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1 What is Input/Output Logic? David Makinson, King’s College London Leendert van der Torre, CWI Amsterdam.

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Presentation on theme: "1 What is Input/Output Logic? David Makinson, King’s College London Leendert van der Torre, CWI Amsterdam."— Presentation transcript:

1 1 What is Input/Output Logic? David Makinson, King’s College London Leendert van der Torre, CWI Amsterdam

2 2 Our Problem Arises in investigation of conditional directives Doubly problematic subject We should take seriously:  directives do not carry truth-values  directionality of the conditional structure inputs (conditions) need not reappear as outputs (goals) contraposition not in general valid

3 3 Methodology Don’t invent yet another non-classical logic – think of new ways of using classical logic All concepts should be understood relative to a given code or base The fundamental question: Given a code, explicitly containing certain directives, what others are implicit in it?

4 4 Logic as an Assistant input TRANSFORMATION ENGINE Figure 1 What does the real work? LOGIC prepares (coordinates) output packages

5 5 Our Language Propositions: boolean connectives only Conditional directives: pairs (a,x) of boolean formulae Code (base, generating set): set G of such pairs Input/output operation: –(b,y)  out(G)given code G, produces conditional directive (b,y) as output –y  out(G,b)given code G and a condition b, produces an output y Latter for semantic definitions, former for derivations

6 6 Simple-Minded Output

7 7 Simple-Minded Output - Example a, b  c, d,  c (a,x), (b,y), (d,x) (y,z) x, y Cn({x, y})

8 8 Simple-Minded Output – Derivational Characterization Strengthening inputSIFrom (a,x) to (b,x) whenever b  a Weakening outputWOFrom (a,x) to (a,y) whenever x  y Conjoining outputAND From (a,x), (a,y) to (a,x  y) TautologyTAUTFrom no premises to (t,t)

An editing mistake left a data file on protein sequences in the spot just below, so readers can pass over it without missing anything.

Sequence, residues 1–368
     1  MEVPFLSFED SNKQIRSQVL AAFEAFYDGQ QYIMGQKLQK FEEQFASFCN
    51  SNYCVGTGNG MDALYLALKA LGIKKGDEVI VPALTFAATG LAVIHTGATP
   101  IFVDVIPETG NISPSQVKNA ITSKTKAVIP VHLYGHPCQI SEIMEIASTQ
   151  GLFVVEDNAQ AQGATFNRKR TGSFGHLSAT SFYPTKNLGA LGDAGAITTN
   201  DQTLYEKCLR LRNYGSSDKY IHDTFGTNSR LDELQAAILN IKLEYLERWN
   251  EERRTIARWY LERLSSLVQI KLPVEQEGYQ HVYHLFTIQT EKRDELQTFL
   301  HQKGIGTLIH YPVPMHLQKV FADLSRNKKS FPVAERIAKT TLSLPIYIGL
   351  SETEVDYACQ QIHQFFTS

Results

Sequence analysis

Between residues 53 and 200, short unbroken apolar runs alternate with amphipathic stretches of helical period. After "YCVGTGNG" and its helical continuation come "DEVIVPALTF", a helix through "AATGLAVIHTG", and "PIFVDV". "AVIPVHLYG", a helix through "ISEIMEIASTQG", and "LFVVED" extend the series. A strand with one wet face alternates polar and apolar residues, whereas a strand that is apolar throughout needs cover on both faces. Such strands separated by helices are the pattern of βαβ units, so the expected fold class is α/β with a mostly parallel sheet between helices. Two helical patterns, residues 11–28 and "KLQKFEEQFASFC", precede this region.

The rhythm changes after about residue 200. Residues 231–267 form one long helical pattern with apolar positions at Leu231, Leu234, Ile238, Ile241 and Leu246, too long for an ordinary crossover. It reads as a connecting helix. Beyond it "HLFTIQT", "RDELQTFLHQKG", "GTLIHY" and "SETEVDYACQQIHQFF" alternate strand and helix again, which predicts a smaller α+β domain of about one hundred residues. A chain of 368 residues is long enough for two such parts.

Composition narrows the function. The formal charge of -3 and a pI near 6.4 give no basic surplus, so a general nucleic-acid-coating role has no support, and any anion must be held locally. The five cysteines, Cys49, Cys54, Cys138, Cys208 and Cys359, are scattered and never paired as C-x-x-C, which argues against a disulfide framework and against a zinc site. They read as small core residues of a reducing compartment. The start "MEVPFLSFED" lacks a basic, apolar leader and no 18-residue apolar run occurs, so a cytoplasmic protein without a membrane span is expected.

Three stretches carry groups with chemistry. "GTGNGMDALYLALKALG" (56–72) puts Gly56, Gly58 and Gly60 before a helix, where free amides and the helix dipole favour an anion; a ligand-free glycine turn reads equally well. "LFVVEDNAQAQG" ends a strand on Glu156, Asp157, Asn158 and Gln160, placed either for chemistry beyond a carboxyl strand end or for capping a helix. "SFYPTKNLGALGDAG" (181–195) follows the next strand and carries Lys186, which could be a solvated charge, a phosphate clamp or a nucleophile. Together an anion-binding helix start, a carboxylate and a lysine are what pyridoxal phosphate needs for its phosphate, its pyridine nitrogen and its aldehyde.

9 9 Example of derivation (a,x)(b,y)   SI  SI (  A,x) (  A,y) AND (  A,x x  y)   WO (  A, (x  y)  w)

10 10 Basic Output

11 11 Reusable output

12 12 Basic Reusable Output

13 13 Derivational Characterizations Disjunctive InputORFrom (a,x), (b,x) to (a  b,x) Gives Basic Output out 2 Cumulative Transitivity CTFrom (a,x), (a  x,y) to (a,y) Gives Reusable Output out 3 Disjunctive Input + Cumulative Transitivity OR + CTBoth as aboveGives Reusable Basic Output out 4

14 14 Authorizing Input to Reappear as Output Semantically: In the definitions, replace set R by R  {(x,x): x any formula} Derivationally: Add zero-premise rule: From no premises to (x,x) This gives 4 additional systems: out i + for 1 = 1,2,3,4 Not all distinct! out 2 + = out 4 + = Cn(m(G)  A) where m(G) is materialization of G i.e. m(G) = {a  x: (a,x)  G}

15 15 Deriving CT in out 2 + (a,x) (a  x, a  x) ID (a  x,y)  SI   (a  x, x)   AND  (a  x, x  (a  x))   WO  (a  x,y)  ……… OR (a,y)

16 16 Further Developments: Contrary-to-goal inputs Deontic logic: problem of ‘contrary-to-duty’ conditions of obligations. Example: G consists of  If main dish is steak, the wine should be red  If main dish steak but the wine not red, then wine should be rosé Input: steak, wine not red. Output: red, rosé! Can be tackled in input/output logic by imposition of consistency constraints on the application of the operation

17 17 Further Developments: Different Kinds of Permission

18 18 Different Kinds of Permission: Example Code contains: Obligation: It is required to fill in an annual income-tax form, if employed. Permission: It is permitted to vote, if 18 years of age or over. Does it follow that it is permitted to vote, if employed? Yes: Nothing in the code forbidding it (negative permission). No: A person may be employed at 17 and not covered by the explicit permission (positive permission - static). Yes: If we were to forbid a person to vote when employed, we would be creating an incoherence in the code (positive permission - dynamic).

19 19 Future Developments: Networks of Input/Output Operations Output of one operation feeds in as input to another  Family of nodes, linked by an accessibility relation.  At each node, a generator set R and an output operation out i.  An entry point for the entire net, and an exit point.  Input fed into entry point, output collected from exit point. To be developed….

20 20 References Authors: David Makinson & Leendert van der Torre Brief outline: What is input/output logic?. Foundations of the Formal Sciences II: Applications of Mathematical Logic in Philosophy and Linguistics, pp Dordrecht: Kluwer, Trends in Logic Series, vol 17, Detailed analysis: Input/output logics. Journal of Philosophical Logic 29 (2000) With consistency contraints: Constraints for input/output logics, Journal of Philosophical Logic 30 (2001) Different kinds of permission: Permission from an input/output perspective. To appear in Journal of Philosophical Logic. From authors:


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